The global auto industry will be remodeled once the economic crisis debris is cleared, but analysts are hazy over how many giants will be humming, which ones will be hauled away and where cars will be made.
Within 10 years, sales will be boosted by electric and hybrid vehicles, but a wave of high-profile auto mergers is unlikely, especially cross-border deals since cultural differences scuppered earlier attempts, analysts say.
“I think the test will be this year,” Metzler Bank auto analyst Juergen Pieper said when asked about moves within the sector.
“If we don’t see action this year, then we will get back to normal in the next two-three years,” after plunging demand has hit bottom.
IHS Global Insight said industry forecasts “predict a 20 percent slump in vehicle production in the 27 EU members between the start of 2008 and the end of 2009,” with a revenue loss of 60 billion euros (US$78 billion).
Martin Winterkorn, head of Europe’s biggest car maker Volkswagen, said last week that once the crisis had passed, he was “certain there would remain two car makers in France, at least three in Germany and at least two in Japan.”
“I’m not worried about the automobile’s future in Europe,” Winterkorn told the French Journal de l’Automobile.
Cars will also be made in China, South Korea and the US, he said. Fiat chief executive Sergio Marchionne has claimed only six major car makers would survive the global slump.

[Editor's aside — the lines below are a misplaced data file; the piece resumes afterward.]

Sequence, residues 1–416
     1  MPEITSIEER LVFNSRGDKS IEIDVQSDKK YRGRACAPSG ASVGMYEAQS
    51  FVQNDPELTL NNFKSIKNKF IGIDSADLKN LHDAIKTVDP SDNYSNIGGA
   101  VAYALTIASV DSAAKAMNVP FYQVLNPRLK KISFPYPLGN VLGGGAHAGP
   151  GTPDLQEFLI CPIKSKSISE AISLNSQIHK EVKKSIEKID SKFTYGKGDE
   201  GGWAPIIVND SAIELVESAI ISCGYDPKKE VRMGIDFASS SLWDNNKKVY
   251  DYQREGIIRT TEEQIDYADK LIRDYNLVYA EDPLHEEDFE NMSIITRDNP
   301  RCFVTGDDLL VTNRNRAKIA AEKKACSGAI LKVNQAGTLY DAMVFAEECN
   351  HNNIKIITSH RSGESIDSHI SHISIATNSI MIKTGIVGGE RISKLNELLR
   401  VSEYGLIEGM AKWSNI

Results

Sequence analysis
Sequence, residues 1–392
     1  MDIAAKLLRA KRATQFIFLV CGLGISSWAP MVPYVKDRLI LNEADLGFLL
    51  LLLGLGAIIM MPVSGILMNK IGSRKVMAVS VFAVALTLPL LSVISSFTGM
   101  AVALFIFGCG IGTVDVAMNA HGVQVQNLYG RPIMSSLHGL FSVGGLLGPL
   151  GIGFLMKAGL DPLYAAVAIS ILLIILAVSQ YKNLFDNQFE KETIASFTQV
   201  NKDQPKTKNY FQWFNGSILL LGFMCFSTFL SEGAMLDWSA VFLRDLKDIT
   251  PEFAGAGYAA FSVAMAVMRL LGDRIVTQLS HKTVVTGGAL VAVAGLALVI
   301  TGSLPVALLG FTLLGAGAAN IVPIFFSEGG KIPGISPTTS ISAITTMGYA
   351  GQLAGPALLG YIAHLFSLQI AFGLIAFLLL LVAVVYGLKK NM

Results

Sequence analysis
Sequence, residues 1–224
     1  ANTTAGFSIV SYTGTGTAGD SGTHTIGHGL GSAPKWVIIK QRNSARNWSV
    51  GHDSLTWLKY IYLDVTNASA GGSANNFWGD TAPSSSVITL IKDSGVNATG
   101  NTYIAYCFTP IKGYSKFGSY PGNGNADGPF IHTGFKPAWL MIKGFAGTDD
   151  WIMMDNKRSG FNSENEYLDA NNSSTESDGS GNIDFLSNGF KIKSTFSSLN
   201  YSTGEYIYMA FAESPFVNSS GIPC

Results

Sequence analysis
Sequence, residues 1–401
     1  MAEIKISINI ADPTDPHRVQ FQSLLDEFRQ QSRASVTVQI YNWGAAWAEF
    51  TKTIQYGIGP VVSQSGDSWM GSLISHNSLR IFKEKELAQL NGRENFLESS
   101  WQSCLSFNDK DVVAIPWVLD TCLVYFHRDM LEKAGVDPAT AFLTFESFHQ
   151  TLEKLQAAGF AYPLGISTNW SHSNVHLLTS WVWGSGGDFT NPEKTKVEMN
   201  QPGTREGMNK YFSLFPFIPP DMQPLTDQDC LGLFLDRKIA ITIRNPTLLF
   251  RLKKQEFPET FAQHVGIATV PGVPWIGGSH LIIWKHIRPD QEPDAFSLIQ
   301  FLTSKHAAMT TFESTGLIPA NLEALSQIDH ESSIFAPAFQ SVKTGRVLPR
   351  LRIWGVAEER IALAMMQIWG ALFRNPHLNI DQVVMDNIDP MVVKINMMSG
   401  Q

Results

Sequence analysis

“As far as mass-producers are concerned, we’re going to end up with one American, one German of size, one French-Japanese, maybe with an extension in the US, one in Japan, one in China and one potential European player,” he told the Automotive News Europe in December.
German auto expert Ferdinand Dudenhoeffer scoffed at Marchionne’s forecast, saying it was “an old story” told years ago that should have seen General Motors (GM) become “the biggest and strongest car maker in the world.”
“The opposite is true,” he said as GM sought US$30 billion in emergency aid from the US government.
Dudenhoeffer, Pieper and Willi Dietz from the German IFA Institute for Automotive Business agreed that closer cooperation in research and development and production was the only way for European companies to achieve economies of scale.
IHS Global Insight said more than 20 billion euros were invested annually in European auto research and development.
“We will see much more cooperation between the OEMs [Original Equipment Manufacturers],” Dietz said, using the industry term for brand-name car makers.
He pointed to work between BMW and Peugeot of France, BMW and German rival Daimler, and Mitsubishi of Japan and Peugeot in electric cars. These last are essential for manufacturers and a first wave of prototypes is already being shown at auto shows.
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